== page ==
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Learning To Love The Water: Teaching Resettled Refugees Swimming Safety04:21
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Students from Lynda Siegel's ESL class are learning water safety through a free course at the Greater Burlington YMCA. (Courtesy Doug Bishop/YMCA)
Students from Lynda Siegel's ESL class are learning water safety through a free course at the Greater Burlington YMCA. (Courtesy Doug Bishop/YMCA)
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As summer rolls in, many New Englanders hit up their favorite beaches or swimming holes. But recreational swimming is a new idea to many refugee families in the region — and some view it as dangerous. A water safety program in Vermont teaches children new to America how to be safe and enjoy the water.

Swimming — And Pools — Are New To These Children

Jess Lukas, youth and families coordinator at the Greater Burlington YMCA, tells a group of children in the pool to keep their heads back and take deep breaths, nice and slow.

She's teaching a class of eager third-, fourth- and fifth-graders how to swim, but unlike some kids their age, most of these students have never been swimming before — let alone seen a pool.

"[For] a lot of these kids, a) there's no access to a swimming pool, no access to swim lessons — and their exposure around water, a lot of my kids, like when I first started working with the Somali Bantu population, those students would say to me, 'we never went near the water because there were crocodiles,' " explains Lynda Siegel, who teaches water safety in an ESL [English as a second language] classroom.

This year, all of Siegel's students came to Vermont via the refugee resettlement program:

"My students are from, they are Somali, they are Congolese and they are Bhutanese," she says.

Five years ago, the YMCA reached out to her school to offer a free, five-day water safety course.

Siegel jumped on the opportunity. She says because her students didn’t grow up around water and don't yet speak English, they are particularly vulnerable.

"For the week before we come, I spend the week teaching them vocabulary — so, 'deep end,' 'deep water,' 'shallow water,' 'drown,' 'blow bubbles' — those kinds of vocabulary words," Siegel says.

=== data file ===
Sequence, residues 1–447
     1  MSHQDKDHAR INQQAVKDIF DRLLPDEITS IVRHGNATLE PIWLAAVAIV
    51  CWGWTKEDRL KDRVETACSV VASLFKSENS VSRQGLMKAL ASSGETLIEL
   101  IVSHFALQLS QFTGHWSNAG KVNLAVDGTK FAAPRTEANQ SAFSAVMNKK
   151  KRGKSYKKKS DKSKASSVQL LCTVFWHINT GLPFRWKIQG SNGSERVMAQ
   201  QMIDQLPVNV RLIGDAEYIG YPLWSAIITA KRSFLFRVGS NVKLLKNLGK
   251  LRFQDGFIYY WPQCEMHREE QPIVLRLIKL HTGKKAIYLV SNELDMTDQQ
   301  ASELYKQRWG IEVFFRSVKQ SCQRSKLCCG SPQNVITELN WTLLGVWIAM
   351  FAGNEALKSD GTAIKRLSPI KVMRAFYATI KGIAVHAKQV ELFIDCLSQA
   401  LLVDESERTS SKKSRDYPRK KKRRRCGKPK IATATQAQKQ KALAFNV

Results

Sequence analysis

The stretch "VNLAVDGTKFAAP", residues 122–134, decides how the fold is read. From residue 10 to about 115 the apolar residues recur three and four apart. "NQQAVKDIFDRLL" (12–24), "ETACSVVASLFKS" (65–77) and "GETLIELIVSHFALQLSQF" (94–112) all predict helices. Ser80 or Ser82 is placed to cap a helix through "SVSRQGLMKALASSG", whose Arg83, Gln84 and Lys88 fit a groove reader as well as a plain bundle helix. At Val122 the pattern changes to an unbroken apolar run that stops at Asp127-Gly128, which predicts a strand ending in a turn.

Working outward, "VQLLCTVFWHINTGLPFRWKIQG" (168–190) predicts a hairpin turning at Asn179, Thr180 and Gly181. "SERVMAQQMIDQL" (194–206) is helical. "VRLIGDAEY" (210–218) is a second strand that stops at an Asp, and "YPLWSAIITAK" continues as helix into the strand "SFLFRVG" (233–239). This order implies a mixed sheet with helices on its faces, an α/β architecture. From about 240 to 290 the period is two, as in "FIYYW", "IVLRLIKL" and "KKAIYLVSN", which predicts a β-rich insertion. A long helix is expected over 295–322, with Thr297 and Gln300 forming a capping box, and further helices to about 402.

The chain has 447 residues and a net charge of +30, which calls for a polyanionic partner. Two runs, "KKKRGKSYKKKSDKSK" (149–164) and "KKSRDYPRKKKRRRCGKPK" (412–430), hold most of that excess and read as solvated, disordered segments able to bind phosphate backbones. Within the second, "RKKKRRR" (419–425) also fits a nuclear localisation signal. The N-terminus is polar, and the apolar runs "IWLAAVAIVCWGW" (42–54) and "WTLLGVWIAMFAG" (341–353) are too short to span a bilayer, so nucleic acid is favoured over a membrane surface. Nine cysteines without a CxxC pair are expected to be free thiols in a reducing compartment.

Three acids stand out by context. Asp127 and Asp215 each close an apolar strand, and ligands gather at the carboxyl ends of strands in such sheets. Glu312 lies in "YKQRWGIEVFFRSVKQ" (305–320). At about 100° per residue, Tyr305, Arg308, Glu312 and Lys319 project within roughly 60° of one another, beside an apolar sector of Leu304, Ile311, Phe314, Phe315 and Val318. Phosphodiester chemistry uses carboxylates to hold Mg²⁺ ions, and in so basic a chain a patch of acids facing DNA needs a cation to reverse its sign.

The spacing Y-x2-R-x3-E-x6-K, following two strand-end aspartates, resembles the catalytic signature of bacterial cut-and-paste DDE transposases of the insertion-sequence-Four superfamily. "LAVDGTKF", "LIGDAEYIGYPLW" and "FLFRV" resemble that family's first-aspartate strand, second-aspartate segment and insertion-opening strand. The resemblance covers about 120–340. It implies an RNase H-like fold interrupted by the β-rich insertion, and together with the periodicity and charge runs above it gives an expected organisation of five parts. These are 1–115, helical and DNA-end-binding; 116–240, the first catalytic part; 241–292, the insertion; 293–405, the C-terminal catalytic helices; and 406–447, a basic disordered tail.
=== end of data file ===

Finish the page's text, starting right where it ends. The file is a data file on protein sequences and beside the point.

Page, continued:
Siegel adds this gives them familiarity so they can understand the swim instructions.

"They're very excited, but they're also really scared when they first arrive," she says. "We often have this scene of girls clinging to the railings at the stairway."

One of the students, Sandra, says she was "scared" and "nervous" the first time she climbed into the pool. But, the third-grader shows no signs of being nervous in the pool now.

Sandra just arrived in Vermont this fall. She was born in India, but then moved to a Bhutanese refugee camp in Nepal before coming to the U.S. After only five classes — and a little help from her teacher — she’s already comfortable in the water.

Sandra (right) says she got into the water for the first time in an after-school program. Back in Nepal and India, her family had never set foot in a swimming pool. (Courtesy Doug Bishop/YMCA)
Sandra (right) says she got into the water for the first time in an after-school program. Back in Nepal and India, her family had never set foot in a swimming pool. (Courtesy Doug Bishop/YMCA)

"I, my teacher [has been] holding my hand and practicing with me, doing the floating [on my] back and swimming and doing scooping," Sandra explains. She says her family did not swim in Nepal.

"No, they never touch a swimming pool," she says.

In the pool, two of her classmates are wearing what's called a birkini. It's a swimsuit with a hijab that covers the entire body.

YMCA's Doug Bishop says the organization purchased those swimsuits as part of a partnership with the University of Vermont Medical Center.

"Some of the funds that they give us help ensure that we have bathing suits that are appropriate for some of the different religions that we serve through our new American populations, allowing the girls to have their head covered or full body covered," Bishop explains. "[They're] special swimsuits so they can participate just like every other student in their class."

On the last day of water safety lessons in the five-day courses, the students' whooping enthusiasm makes it seem like they've grown up in the water.

The kids have learned how to float, how to tread water, and how to help a fellow student without putting themselves at risk. Some are even beginning to learn the breaststroke with a “kid-centric” technique.

"Make the pizza, cut the pizza," instructs Lukas, guiding the children. "Can you show me how you do it?"

Lukas has been working with Siegel's classroom for the past five years. She says the outreach to new Americans is working. Lukas says she sees some of the students from refugee families again in summer camp groups, or others will get guest passes so they can come to the Y with their families.

"It's an amazing program," Lukas says, smiling. "It's my favorite week of the year! Exhausting, but my favorite."

This story comes via the New England News Collaborative, and was first published by Vermont Public Radio.

This segment aired on June 29, 2017.

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